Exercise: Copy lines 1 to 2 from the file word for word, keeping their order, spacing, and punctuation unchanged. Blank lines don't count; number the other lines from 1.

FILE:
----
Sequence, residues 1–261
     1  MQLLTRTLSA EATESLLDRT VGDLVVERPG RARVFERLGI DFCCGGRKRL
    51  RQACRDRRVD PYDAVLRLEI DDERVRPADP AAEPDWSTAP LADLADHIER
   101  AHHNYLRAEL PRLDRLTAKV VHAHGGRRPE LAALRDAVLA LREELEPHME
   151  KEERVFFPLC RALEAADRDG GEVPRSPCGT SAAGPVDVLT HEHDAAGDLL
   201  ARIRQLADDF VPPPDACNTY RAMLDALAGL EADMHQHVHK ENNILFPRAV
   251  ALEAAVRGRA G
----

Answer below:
Sequence, residues 1–261
     1  MQLLTRTLSA EATESLLDRT VGDLVVERPG RARVFERLGI DFCCGGRKRL